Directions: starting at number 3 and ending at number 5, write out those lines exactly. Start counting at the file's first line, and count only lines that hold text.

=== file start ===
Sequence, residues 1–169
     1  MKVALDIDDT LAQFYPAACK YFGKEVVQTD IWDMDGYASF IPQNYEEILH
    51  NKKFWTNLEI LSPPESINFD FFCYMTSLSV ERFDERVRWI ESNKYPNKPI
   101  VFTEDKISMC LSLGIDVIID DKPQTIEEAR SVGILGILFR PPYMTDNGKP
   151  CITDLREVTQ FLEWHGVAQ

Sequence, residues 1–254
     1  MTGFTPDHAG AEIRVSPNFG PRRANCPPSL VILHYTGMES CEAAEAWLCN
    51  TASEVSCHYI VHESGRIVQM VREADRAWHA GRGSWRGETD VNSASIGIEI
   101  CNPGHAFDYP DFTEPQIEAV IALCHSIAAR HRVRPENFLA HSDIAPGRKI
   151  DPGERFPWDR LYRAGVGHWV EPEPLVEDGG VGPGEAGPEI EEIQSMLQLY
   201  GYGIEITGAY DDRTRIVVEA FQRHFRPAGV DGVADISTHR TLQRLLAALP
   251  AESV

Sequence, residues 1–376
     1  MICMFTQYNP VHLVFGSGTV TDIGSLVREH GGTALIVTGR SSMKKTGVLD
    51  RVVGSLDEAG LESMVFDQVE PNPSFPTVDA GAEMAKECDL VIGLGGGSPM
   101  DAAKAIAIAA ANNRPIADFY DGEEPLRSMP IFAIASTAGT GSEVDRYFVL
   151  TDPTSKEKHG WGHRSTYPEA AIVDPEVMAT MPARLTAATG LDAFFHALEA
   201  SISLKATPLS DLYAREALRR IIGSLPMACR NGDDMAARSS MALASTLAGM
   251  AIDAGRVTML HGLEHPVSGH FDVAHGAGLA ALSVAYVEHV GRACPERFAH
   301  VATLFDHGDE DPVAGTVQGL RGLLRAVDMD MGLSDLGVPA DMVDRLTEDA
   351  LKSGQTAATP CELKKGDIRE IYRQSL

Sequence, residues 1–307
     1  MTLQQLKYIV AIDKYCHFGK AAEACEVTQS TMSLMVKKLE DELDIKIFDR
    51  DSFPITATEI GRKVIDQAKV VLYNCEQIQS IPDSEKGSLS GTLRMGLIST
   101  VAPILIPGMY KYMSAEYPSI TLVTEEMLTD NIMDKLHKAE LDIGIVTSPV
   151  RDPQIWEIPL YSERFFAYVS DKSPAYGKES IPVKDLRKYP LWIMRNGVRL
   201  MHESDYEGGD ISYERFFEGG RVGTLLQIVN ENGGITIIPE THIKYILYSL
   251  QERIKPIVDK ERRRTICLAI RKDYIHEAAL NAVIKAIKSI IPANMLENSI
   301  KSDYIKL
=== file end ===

    51  NKKFWTNLEI LSPPESINFD FFCYMTSLSV ERFDERVRWI ESNKYPNKPI
   101  VFTEDKISMC LSLGIDVIID DKPQTIEEAR SVGILGILFR PPYMTDNGKP
   151  CITDLREVTQ FLEWHGVAQ